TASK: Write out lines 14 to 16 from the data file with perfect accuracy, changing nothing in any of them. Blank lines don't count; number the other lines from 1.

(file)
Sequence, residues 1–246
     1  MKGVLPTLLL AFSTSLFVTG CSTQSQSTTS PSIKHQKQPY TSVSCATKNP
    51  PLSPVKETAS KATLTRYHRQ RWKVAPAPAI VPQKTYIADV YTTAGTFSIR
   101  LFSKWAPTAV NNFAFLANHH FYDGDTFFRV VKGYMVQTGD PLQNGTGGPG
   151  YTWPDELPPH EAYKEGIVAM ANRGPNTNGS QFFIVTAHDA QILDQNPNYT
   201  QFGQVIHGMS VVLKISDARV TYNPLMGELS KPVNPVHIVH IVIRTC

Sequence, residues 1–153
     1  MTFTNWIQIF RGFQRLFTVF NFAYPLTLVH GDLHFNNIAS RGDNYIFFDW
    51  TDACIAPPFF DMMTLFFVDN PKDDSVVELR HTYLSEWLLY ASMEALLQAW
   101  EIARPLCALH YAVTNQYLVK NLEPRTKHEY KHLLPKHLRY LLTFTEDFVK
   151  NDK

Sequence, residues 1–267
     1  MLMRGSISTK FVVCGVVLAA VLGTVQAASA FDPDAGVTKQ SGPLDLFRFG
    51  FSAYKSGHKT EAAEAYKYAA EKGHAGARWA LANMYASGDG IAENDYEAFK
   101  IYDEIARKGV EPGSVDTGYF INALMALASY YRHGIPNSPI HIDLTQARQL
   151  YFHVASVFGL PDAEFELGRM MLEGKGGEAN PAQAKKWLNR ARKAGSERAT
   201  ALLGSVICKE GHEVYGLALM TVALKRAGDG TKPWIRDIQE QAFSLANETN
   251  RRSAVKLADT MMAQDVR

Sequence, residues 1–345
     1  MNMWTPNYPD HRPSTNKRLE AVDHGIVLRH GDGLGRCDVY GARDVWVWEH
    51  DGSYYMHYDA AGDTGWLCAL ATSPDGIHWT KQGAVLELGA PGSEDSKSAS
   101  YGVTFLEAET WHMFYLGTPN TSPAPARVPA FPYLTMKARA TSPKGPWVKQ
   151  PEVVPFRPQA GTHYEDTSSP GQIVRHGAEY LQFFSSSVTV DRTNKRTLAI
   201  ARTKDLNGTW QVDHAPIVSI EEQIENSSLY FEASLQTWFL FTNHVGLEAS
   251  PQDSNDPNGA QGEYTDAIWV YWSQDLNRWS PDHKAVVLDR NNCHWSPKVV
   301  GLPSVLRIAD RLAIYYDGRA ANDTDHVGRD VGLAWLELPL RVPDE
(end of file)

    51  FSAYKSGHKT EAAEAYKYAA EKGHAGARWA LANMYASGDG IAENDYEAFK
   101  IYDEIARKGV EPGSVDTGYF INALMALASY YRHGIPNSPI HIDLTQARQL
   151  YFHVASVFGL PDAEFELGRM MLEGKGGEAN PAQAKKWLNR ARKAGSERAT